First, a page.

As he sat in classes at the Allegheny County (Pa.) Police Academy a decade ago, Juan Polanco said he became aware of the need for cultural awareness training among recruits.
Now a University of Pittsburgh police officer, Polanco has returned to the academy to teach other officers what's known as "survival Spanish."
"It's not a language class," said Polanco, 51, a native of the Dominican Republic. "I teach phrases, words that can save their lives."
The Hispanic population in Allegheny County has increased to 19,070 in 2010 from 11,166 in 2000, according to census data. About 26 percent of the more than 14,000 Spanish speakers in 2010 said they speak English less than "very well," according to the American Community Survey in 2010. But Polanco's lessons go beyond language.
"The biggest payoff was him giving us a lesson in culture," said Pitt police Chief Tim Delaney, who had Polanco teach Pitt officers "survival Spanish" soon after he joined the force in 2002.
Officers from other departments call Polanco to help diffuse situations complicated by language barriers or to conduct interviews with suspects, witnesses or victims. Polanco tries to change the relationship between police officers and the Hispanic community.
"With me showing up right away, the nonsense stops," Polanco said. "They're honest to me. They see one of their own as a police officer. They like seeing that."
Language concerns for officers on the job, in fact, are simple, he said. Polanco customized a field guide of Spanish phrases, such as "manos arriba" for hands up.
Trouble communicating can complicate interactions between police and the Latino community, said Samaria Arzola, director of the Latino Family Community Center, a South Side group that assists families with young children.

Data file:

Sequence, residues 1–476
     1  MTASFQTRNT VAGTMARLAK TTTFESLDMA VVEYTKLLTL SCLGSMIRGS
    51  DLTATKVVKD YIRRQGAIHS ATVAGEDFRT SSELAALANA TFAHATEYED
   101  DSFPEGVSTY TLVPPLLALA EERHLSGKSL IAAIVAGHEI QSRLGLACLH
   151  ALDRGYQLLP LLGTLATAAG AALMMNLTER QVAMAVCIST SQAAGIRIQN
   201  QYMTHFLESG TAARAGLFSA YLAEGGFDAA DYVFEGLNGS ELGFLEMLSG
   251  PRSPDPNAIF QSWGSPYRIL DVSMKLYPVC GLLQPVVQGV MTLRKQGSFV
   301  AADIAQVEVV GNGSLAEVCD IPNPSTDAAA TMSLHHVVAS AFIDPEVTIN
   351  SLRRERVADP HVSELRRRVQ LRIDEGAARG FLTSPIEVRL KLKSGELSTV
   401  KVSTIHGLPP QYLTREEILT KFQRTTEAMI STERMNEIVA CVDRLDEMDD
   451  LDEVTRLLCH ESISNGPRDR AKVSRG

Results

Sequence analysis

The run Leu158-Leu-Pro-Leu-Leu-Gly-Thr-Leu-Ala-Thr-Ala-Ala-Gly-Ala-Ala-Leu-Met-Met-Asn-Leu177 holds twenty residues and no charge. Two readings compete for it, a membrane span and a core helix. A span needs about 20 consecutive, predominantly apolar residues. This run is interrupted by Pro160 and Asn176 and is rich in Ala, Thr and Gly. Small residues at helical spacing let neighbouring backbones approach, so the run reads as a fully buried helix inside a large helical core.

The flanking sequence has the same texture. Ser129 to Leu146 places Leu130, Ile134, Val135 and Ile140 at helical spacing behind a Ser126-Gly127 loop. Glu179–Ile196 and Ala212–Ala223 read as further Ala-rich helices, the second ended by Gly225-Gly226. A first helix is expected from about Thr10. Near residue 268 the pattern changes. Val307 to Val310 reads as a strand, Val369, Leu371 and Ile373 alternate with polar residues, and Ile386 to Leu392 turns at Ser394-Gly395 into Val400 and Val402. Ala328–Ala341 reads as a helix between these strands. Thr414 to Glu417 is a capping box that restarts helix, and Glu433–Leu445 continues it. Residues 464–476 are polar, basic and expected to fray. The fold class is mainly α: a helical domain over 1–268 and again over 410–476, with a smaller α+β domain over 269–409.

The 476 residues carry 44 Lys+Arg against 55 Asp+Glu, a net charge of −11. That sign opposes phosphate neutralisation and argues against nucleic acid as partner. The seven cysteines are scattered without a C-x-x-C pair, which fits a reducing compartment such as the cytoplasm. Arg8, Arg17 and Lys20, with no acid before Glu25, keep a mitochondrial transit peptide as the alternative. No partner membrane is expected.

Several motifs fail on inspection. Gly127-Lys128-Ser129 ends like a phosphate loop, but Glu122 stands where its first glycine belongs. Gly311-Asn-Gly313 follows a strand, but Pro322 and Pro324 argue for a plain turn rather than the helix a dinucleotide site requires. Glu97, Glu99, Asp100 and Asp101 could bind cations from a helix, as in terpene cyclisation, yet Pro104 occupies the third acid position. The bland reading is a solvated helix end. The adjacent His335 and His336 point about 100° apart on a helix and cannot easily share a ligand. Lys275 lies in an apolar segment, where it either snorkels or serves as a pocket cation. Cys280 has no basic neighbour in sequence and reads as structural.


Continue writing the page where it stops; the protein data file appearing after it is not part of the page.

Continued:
"Let's say they're at a traffic stop and police are asking for documents. Sometimes, they can be confused, and they don't know what is going on," Arzola said.
Racial profiling used to be more of a problem among city police, but that has declined, Arzola said.
"I haven't had that many complaints recently in the city," she said. "Outside the city, it's a whole other story."
Allegheny County police Inspector Wayne Gaffron, director of the training academy, said he believes the instruction Polanco provides will help new officers conduct traffic stops or handle domestic situations.
Gaffron said he tries to include nonmandated training, like Polanco's class, in the curriculum.
"We're always on the search to improve our program to better prepare our future law enforcement officers," Gaffron said. "I have a pretty open mind when people come up with ideas."
Pittsburgh police have a list of city officers with second language skills and can call translators through AT&T, Deputy Chief Paul Donaldson said. The officers can attend the county's training class, he said.
"When we are trying to communicate with individuals who have limited English language proficiency, there are a lot of different avenues we can take," Donaldson said.
Polanco left the Dominican Republic when he was 8. He lived in New York City, then moved to New Jersey, where he graduated from high school. A body builder, he played eight football games his senior year, but it was enough to earn a spot with the University of Pittsburgh football team. He graduated in 1983 with degrees in administrative justice and psychology.
"This has been home ever since," Polanco said.
He worked at Shuman Juvenile Detention Center for about 10 years after college, then began a construction business in Shadyside.
At 40, he decided another career change was in order and went through the Allegheny County police academy.
"There was something missing," Polanco said. "Trying to make a difference has always been a part of me."
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